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Amazon to lay off thousands of employees -source is planning to lay off around 10,000 employees in corporate and technology roles beginning this week, a person familiar with the matter said on Monday, in what would amount to its biggest such reduction to date.

The cuts, earlier reported by the New York Times, would represent about 3 per cent of Amazon’s corporate staff. The exact number may vary as businesses within Amazon review their priorities, the source told Reuters.

The online retailer plans to eliminate jobs in its devices organisation, which makes voice-controlled “Alexa” gadgets and home-security cameras, as well as in its human-resources and retail divisions, the person said. Amazon’s time frame for informing staff remained unclear.

The source attributed the reduction to the uncertain macroeconomic environment faced by Amazon and other companies.

The news follows a wave of layoffs across the technology sector, which is wary of recession after years of rapid hiring. Just last week, Facebook parent Meta Platforms Inc said it would cut more than 11,000 jobs, or 13 per cent of its workforce, to rein in costs.

Seattle-based Amazon is predicting a slowdown in sales growth for the typically lucrative holiday season.

On a call with reporters last month, Chief Financial Officer Brian Olsavsky said the company saw signs of tighter household budgets for shopping, and it continued to wrestle with high inflation and energy costs.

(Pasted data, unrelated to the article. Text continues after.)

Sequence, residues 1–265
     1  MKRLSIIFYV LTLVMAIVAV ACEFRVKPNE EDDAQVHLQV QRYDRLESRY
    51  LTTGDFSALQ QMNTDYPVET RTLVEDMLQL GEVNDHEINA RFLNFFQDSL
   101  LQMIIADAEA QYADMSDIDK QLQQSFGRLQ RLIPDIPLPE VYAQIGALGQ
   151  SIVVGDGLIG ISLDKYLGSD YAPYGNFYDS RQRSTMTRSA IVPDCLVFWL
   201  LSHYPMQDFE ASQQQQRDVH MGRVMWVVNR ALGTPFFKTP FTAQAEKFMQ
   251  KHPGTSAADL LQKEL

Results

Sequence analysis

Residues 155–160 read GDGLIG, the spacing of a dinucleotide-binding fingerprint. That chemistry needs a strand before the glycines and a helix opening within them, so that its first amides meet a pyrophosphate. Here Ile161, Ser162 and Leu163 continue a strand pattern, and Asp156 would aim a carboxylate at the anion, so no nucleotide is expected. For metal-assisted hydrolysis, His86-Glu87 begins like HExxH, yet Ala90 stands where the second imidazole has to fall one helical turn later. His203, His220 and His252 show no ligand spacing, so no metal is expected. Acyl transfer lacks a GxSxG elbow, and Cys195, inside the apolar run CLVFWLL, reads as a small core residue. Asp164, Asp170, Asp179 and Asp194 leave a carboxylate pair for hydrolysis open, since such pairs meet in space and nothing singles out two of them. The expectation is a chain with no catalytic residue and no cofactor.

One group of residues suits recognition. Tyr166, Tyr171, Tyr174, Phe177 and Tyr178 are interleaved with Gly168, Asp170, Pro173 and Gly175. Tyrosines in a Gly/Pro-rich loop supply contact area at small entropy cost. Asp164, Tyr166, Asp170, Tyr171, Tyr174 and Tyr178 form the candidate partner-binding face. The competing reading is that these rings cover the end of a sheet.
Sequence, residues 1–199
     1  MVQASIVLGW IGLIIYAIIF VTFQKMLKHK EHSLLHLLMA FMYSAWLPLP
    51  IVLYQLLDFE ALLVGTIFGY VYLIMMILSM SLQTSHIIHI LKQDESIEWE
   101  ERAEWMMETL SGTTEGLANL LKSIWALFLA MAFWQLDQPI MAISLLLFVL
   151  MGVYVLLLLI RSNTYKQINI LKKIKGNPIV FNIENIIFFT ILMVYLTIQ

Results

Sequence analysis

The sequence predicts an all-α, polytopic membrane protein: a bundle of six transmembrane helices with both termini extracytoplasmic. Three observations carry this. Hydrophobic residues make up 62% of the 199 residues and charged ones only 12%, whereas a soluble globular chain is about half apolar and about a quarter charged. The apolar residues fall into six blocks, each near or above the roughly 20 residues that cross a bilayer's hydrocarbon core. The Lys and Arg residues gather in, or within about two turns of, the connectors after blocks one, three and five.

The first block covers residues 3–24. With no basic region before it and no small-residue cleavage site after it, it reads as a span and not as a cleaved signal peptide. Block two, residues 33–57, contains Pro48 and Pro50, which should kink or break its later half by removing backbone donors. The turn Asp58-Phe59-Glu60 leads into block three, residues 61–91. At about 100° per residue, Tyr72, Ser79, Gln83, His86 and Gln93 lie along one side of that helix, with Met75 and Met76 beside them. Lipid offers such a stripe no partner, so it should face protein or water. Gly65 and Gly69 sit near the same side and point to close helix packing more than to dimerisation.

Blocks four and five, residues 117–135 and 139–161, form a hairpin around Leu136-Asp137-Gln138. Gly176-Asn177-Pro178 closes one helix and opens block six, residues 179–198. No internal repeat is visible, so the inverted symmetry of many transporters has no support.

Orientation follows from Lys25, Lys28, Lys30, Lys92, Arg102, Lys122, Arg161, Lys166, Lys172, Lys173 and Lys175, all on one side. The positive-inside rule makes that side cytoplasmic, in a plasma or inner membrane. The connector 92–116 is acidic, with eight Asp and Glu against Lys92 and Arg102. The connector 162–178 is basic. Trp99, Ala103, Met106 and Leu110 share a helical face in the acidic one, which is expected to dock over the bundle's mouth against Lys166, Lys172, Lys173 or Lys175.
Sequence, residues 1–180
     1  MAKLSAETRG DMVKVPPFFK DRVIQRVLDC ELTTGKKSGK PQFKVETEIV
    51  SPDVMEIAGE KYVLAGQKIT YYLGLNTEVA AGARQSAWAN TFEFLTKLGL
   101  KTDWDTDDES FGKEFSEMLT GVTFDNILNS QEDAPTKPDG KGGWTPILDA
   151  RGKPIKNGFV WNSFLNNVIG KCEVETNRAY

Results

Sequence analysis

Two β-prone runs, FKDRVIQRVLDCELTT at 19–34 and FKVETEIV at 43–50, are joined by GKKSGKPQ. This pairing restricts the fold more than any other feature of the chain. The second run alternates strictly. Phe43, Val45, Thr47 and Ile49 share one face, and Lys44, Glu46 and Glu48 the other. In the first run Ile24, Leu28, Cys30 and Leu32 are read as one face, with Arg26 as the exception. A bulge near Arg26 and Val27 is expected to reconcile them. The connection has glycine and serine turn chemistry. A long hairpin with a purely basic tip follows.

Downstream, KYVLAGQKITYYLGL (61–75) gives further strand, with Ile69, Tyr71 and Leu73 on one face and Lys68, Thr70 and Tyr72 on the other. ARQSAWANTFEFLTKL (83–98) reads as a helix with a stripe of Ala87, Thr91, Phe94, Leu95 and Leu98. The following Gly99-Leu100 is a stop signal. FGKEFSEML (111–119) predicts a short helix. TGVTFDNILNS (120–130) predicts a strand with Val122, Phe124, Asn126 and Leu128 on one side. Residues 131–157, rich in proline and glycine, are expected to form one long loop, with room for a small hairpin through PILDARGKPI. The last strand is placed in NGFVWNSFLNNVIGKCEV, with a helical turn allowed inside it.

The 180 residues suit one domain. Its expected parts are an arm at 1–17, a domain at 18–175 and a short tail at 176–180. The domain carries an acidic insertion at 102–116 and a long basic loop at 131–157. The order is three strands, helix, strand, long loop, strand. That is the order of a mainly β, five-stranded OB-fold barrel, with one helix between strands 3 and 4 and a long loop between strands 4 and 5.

It since has said it would freeze incremental corporate hiring for several months.

Amazon’s devices unit in some recent years has posted an annual operating loss of more than $5 billion, the Wall Street Journal reported last week. The company has weighed whether to focus on new capabilities for Alexa when some customers use the voice assistant for just a few tasks, the report said.

Company-wide, taking warehouse and transportation jobs into account, which made Amazon’s headcount more than 1.5 million as of September 30, the planned cuts amounted to less than 1 per cent of the retailer’s workforce.

Shares of Amazon have lost more than 40 per cent of their value this year. They were down 1.1 per cent at $99.67 on Monday afternoon.

Not surprising, says analyst

Neil Saunders, MD at GlobalData, said it is not surprising that Amazon is looking to make the company more buoyant by ditching weight, given that the company has lost market share, seen some areas of operations slow and suffered an erosion of market share.

“Although Amazon has just over a month of trading left in this fiscal, it is already clear that 2022 will not go down as a good year for the technology giant. The high-water mark of pandemic-fuelled demand has gone and has been replaced by an ebbing tide.”

But he stressed that while reports of laying off 10,000 people sound dramatic, they need to be set against the context of Amazon’s rapid expansion of recent years. “While any job loss is tragic for those involved, this is a relatively small reduction for a firm the size of Amazon.”

However, Saunders said, the signal that the cuts send is important. “It alerts the market to Amazon’s view that the current slowdown is likely to be protracted and necessitates a rethink of business models and approach. It also ushers in an era where returns on investment are going to be more closely scrutinized, with much less room for error in execution.

“Amazon will remain a powerhouse in retail and beyond. However, it will no longer find growth so easy. It’s change of trajectory is a warning for others in retail, but it is also an opportunity for more nimble players to examine how they can take some share,” concluded Saunders.

  • Reporting by Jeffrey Dastin in Palo Alto, California, and Tiyashi Datta and Nivedita Balu in Bengaluru. Editing by Arun Koyyur and Matthew Lewis, of Reuters. Additional reporting by Internet Retailing.
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